Foxes don't just interact with other animals; they can also have an impact on the various plants with which they share their territory. While plant material (particularly fruit) is eaten by foxes, their influence extends far beyond this. The construction of earths (dens) and their activity in the vicinity also alters the plant communities – plants are buried, trampled or destroyed by playing cubs, while fox droppings and decaying prey remains act as fertiliser, changing the chemistry of the soil and promoting the growth of some species. Generally, the plant community is richer (i.e. has more species) in the vicinity of fox earths than in surrounding undisturbed land.
Foxes exert what we call a bioperturbation effect; in other words, they mix up soil layers when they dig their earths, bringing up soil richer in minerals and nutrients and higher in pH (i.e. less acidic) than the soil on the surface. Bioperturbation can produce small fertile patches of soil in forests that can enable herbaceous species to gain a foot-hold. In addition, the fox’s penchant for fruit may help plants spread and colonise new areas by dispersing the seeds in their droppings: a process known as endozoochory.
Sowing the seeds
In a paper to the journal Restoration Ecology during 2010, Luis Matias and colleagues at the Universidad de Granada in Spain reported that foxes living in south-east Spain's Sierra Nevada National Park were efficient seed dispersers for a wide range of woody plant species. The seeds of the thornless blackberry (Rubus ulmifolius) and fig (Ficus carica) were most commonly found in fox scats and, in total, Matias and his team recovered almost 11,000 seeds from 137 fox scats that they collected over three years (2004-2006); neither the pine marten (Martes martes) nor wild boar (Sus scrofa) had more seeds in their droppings. Moreover, the biologists found that passage through the fox digestive system didn't affect the viability of the seeds.
Similarly, working in the León province of north-west Spain, Ángel Hernández at the University of Valladolid found that almost 80% of the fox droppings he analysed contained cherry seeds, an average of 37.5 per dropping, all of which were intact. In a 2008 paper to the Polish Journal of Ecology, Hernández suggested foxes may be an important disperser for cherries dislodged by birds or by the wind that might otherwise be lost.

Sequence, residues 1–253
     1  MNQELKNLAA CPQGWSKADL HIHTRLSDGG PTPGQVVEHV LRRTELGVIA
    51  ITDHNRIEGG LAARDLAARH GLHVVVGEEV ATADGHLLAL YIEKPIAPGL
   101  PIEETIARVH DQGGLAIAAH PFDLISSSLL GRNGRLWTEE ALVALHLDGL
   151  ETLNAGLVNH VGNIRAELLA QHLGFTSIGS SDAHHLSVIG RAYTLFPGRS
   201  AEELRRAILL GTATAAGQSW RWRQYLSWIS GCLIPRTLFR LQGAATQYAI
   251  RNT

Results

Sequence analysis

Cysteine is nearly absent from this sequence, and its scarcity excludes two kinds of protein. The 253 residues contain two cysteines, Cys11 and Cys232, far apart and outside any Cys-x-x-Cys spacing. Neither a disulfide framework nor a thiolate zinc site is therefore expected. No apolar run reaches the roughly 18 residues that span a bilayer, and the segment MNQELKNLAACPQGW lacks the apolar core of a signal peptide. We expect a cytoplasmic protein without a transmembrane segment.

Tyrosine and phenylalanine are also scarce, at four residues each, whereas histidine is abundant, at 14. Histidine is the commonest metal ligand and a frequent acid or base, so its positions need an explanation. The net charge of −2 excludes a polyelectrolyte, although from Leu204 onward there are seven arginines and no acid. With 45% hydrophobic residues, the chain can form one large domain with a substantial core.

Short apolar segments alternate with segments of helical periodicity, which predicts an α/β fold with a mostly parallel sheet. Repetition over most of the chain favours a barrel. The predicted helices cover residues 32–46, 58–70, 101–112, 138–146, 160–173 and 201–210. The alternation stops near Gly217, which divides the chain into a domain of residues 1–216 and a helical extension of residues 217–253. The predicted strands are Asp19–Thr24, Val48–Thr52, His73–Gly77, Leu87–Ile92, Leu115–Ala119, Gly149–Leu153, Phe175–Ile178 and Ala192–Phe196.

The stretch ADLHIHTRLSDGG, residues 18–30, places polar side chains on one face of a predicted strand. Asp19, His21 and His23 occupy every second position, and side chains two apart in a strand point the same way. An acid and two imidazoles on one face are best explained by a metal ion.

In a paper to the journal Weed Research, published in 1976, Han Brunner and colleagues at the Vermin and Noxious Weeds Destruction Board in Australia (now the Department of Environment and Primary Industries) reported on the number and viability of blackberry seeds recovered from the scats of foxes from two populations in the south-east of the country; one in Dartmouth and the other at Sherbrooke. Brunner and his co-workers collected 1,665 droppings and found that during the late summer and early autumn 80-90% of the Dartmouth and 40-55% of the Sherbrooke scats contained blackberry seeds, most containing several hundred per dropping; the greatest haul from a single scat was 950 seeds.
Brunner and his colleagues knew that blackberry seeds have a tough, multi-layered coating (called a pericarp) that protects the kernal inside from damage and, to test whether the seeds were still viable, they planted some and watched to see whether they germinated. The biologists reported that 22% of the seeds from the Dartmouth fox scats and 35% of the Sherbrooke seeds subsequently germinated. Unfortunately, Brunner and his team don't say how many seeds from each population they incubated, but they do note that a total of 6,000 seeds were planted. If we assume an even split between the populations (i.e. 3,000 from Dartmouth and 3,000 from Sherbrooke) then, overall, just fewer than one-in-three (28.5%) of the seeds germinated.